Fatah Facebook post glorifies imprisoned terrorist who murdered an Israeli, with map of "Palestine" replacing Israel in the background
Official Fatah Facebook page - Nov. 29, 2017

 

Image and text posted on the official Fatah Facebook page

Posted text: “Freedom is drawing near”

The bottom left of the image shows a picture of terrorist Muhammad Falana, who murdered 1 together with an accomplice. Above him appears the PA map of “Palestine” that presents all of Israel as “Palestine” together with the PA areas, with a picture of Arab women walking inside it, and above it is the Palestinian flag. To the right of the flag is the Fatah logo that includes a grenade, crossed rifles, and the PA map of “Palestine.” A keffiyeh (Arab headdress) pattern is seen at the top of the image, and to the right is a chain with a pair of cuffs next to it. At the bottom of the image appears the Temple Mount.

Text on image:
“Fatah Movement
Ramallah and El-Bireh branch…
Sub-branch Jisr Al-Awda
Prisoner commander
Muhammad Fawzi Falana
The most veteran prisoner of the Ramallah and El-Bireh district
‘The prison cell will not remain forever, and neither will the chains’ (This is a quote from a poem by Palestinian national poet Mahmoud Darwish –Ed.)
[Falana,] who has served over a quarter century in the occupation’s prisons
Date of arrest
Nov. 29, 1992
Freedom is drawing near”
Click to view bulletin

Muhammad Falana – serving a life sentence for planting a bomb with an accomplice near the town of Dolev in the West Bank in 1992. 1 person was murdered and 6 were injured in the bombing.

Mahmoud Darwish is considered the Palestinian national poet. He published over 30 volumes of poetry and 8 books of prose and has won numerous awards. He joined the Israeli Communist Party in 1961 and the terrorist organization PLO in 1973, becoming a member of the PLO Executive Committee in 1987. He left the PLO in 1993 because it signed the Oslo Accords with Israel.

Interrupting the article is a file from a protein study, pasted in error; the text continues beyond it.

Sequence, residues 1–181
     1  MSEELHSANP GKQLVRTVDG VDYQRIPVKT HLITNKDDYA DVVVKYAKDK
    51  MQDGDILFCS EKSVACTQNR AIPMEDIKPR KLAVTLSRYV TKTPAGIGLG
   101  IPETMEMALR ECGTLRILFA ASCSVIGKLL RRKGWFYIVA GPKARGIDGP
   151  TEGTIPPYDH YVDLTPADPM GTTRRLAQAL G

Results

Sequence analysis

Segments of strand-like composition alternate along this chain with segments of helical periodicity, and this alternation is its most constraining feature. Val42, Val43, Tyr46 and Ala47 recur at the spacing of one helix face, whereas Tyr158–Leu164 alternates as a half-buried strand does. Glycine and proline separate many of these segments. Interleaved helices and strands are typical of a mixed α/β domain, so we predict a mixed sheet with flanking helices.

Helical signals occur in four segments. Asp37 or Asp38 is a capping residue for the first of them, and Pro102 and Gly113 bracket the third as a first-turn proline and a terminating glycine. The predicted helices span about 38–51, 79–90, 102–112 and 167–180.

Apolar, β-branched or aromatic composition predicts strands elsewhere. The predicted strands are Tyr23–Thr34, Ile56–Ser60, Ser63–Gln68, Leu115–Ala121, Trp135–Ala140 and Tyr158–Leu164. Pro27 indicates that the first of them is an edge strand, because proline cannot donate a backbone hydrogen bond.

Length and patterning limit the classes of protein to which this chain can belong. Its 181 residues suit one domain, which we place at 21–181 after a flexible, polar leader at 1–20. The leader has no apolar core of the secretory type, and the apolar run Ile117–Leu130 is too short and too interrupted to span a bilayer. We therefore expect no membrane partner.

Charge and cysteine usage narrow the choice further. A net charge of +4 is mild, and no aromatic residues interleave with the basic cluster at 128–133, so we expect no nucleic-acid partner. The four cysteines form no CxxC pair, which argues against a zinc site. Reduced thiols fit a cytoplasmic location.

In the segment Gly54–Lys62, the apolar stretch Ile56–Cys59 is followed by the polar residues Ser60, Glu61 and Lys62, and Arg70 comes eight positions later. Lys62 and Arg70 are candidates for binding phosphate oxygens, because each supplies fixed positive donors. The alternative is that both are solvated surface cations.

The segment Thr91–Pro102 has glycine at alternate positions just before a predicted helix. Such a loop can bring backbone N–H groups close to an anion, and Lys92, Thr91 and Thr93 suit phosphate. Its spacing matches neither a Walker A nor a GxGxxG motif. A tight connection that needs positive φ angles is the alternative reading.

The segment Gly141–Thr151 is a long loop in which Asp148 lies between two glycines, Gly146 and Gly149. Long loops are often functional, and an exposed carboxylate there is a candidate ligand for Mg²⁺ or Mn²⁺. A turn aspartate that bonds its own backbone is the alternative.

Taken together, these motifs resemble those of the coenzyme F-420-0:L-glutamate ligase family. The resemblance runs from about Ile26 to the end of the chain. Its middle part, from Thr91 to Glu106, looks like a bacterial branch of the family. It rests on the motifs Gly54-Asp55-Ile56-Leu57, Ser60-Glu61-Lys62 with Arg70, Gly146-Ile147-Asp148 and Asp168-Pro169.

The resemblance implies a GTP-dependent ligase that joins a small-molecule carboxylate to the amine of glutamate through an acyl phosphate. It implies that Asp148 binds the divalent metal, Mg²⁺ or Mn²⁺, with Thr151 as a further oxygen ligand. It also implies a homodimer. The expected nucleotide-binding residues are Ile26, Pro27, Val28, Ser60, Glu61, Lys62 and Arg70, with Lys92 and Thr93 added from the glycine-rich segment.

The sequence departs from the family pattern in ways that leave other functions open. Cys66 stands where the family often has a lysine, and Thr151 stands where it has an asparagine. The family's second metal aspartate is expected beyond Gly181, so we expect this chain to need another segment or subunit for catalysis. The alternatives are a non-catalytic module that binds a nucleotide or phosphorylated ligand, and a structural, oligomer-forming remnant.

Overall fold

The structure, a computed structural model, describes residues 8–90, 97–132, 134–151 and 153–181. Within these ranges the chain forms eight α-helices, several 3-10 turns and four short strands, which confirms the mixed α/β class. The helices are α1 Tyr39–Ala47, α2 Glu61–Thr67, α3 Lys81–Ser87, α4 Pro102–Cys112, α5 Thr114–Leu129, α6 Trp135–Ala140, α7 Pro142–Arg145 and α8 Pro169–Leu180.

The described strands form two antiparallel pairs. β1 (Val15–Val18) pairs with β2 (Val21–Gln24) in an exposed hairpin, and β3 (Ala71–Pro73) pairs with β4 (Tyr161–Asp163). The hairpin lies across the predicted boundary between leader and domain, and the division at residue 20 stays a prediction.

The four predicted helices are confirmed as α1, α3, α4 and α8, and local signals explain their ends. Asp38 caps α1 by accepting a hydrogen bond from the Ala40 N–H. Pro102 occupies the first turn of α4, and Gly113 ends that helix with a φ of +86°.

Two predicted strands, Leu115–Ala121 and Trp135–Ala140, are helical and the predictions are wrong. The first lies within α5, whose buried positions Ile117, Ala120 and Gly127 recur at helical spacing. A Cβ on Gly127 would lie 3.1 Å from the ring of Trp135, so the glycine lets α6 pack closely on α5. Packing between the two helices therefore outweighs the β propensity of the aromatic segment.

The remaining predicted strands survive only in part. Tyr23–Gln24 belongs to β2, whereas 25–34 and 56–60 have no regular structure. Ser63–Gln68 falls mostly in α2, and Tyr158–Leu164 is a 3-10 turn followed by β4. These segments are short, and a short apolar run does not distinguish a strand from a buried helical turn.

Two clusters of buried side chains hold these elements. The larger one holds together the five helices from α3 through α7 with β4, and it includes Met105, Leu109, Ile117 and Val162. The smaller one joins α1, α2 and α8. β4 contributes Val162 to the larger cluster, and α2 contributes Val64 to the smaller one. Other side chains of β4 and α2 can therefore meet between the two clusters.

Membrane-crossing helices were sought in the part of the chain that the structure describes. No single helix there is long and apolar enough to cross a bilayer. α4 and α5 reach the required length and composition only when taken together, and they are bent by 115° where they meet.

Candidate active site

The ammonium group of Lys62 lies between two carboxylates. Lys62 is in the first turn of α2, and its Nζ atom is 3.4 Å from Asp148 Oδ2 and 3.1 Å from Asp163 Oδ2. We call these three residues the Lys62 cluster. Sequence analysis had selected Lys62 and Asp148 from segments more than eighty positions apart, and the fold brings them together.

Many in Israel see his poetry as inciting hate and violence. One poem he wrote in 1988 at the height of the Palestinian wave of violence and terror against Israel (the first Intifada, 1987-1993) calls to Israelis: “Take your portion of our blood - and be gone… Live wherever you like, but do not live among us… Die wherever you like, but do not die among us… Leave our country, our land, our sea, our wheat, our salt, our wounds, everything, and leave the memories of memory.”
He also wrote “Silence for the Sake of Gaza” in 1973, which many see as glorifying terror: “She wraps explosives around her waist and blows herself up. It is not a death, and not a suicide. It is Gaza's way of declaring she is worthy of life.”
His defenders have claimed that Israel misinterprets his poetry and that he sought reconciliation with Israel. One wrote in 2017: “Darwish arranged meetings between Palestinian and Israeli intellectuals, and published essays on their discussions. He was optimistic that, through mutual understanding, the two sides could eventually reconcile.” [https://www.bcalnoor.org/]